The implementation process involves the actual programming of the system. The result of the implementation, as well as deployment, is the alpha system (Wang et al., 2019). The primary consequence of excluding nurses from the construction process has various misses in the information to be incorporated into the system. While programmers and testers are involved, they could miss important information from the healthcare requirements, which could be presented by the nurses. My healthcare organization was strict on the processes, and my involvement contributed significantly to the implementation stage. I, along with my other team workers, was mandated to give the data associated with the facility's laboratory before the release of the system into the customer's premises. The outcome was such that the system became live, productive, and useful.
Post-implementation support is a continuous process where periodic testing and maintenance of the health information technology system is carried out. Constant testing is done by both nurses and project managers to ensure that the outcomes reflect the desired outcomes (Wang et al., 2019). Excluding nurses from the stage would deem the system obsolete with time as sometimes ambiguous data would be involved in the healthcare system. In my organization, I could discover some errors in the system, especially after it was launched. Radiology data mixed up with laboratory data, especially when the numbers were alike. This spurred the development team to fix it. With more requirements in healthcare, some features were requested and well integrated into the system to make it viable.
Nurses are an important integral in the Systems Development Life Cycle of their healthcare facilities. A few organizations do not include nurses in certain stages, such as the development and post-implementation stages. Such actions could make the entire new health information technology system inefficient. The participation of nurses is critical as they are more conversant with patients, clients, and other stakeholders, as well as all the information required for the new system.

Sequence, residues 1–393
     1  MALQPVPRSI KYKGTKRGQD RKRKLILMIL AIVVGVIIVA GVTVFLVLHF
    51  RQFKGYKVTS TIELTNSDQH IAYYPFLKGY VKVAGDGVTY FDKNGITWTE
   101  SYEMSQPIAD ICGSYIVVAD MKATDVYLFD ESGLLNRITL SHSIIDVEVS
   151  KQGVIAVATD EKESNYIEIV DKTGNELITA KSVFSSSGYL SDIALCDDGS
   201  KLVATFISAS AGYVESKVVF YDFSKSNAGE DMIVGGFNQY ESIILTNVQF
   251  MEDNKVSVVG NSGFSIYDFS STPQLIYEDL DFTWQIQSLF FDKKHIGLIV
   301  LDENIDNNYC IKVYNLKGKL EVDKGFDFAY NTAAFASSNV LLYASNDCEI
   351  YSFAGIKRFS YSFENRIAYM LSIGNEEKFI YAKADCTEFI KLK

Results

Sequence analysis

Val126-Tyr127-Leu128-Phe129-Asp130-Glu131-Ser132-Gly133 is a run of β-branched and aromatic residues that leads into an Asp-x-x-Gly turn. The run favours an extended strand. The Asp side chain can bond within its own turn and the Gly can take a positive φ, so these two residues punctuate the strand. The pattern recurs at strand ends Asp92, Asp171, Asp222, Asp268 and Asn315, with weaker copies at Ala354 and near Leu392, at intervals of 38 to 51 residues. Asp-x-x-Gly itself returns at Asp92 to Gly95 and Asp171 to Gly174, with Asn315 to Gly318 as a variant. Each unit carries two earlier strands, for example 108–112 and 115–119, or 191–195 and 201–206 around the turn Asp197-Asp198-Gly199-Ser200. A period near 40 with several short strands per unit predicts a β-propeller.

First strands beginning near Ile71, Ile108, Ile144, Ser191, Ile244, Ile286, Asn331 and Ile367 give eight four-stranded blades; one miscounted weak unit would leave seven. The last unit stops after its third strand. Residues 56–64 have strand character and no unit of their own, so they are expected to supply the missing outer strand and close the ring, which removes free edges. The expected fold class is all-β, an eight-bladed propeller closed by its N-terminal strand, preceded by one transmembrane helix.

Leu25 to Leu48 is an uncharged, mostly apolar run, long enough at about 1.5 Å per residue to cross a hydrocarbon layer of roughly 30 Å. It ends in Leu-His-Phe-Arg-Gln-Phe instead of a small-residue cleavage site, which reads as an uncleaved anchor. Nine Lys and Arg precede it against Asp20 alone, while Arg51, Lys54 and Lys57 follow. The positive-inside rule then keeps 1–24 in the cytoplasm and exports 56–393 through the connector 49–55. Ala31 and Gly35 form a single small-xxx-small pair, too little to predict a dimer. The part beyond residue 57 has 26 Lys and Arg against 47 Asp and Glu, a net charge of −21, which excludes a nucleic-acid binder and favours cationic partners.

Cusack, C. M., Byrne, C., Hook, J, M., McGowan, J., Poon, E. G., & Zafar, A. (2009). Health Information Technology Evaluation Toolkit. Rockville, MD: Agency for Healthcare Research and Quality.
Workflow Assessment for Health IT Toolkit. (n.d.) Agency for Healthcare Research and Quality. https://digital.ahrq.gov/health-it-tools-and-resources/evaluation-resources/workflow-assessment-health-it-toolkit.
Yen, P., & Bakken, S. (2011). Review of health information technology usability study methodologies. Journal of the American Medical Informatics Association, 19(3), 413-422. https://doi.org/10.1136/amiajnl-2010-000020.
Ehrler, F., Lovis, C., & Blondon, K. (2019). A mobile phone app for bedside nursing care: Design and development using an adapted software development life cycle model. JMIR mHealth and uHealth, 7(4), e12551. https://doi.org/10.2196/12551
Wang, J., Gephart, S. M., Mallow, J., & Bakken, S. (2019). Models of collaboration and dissemination for nursing informatics innovations in the 21st century. Nursing Outlook, 67(4), 419-432. https://doi.org/10.1016/j.outlook.2019.02.003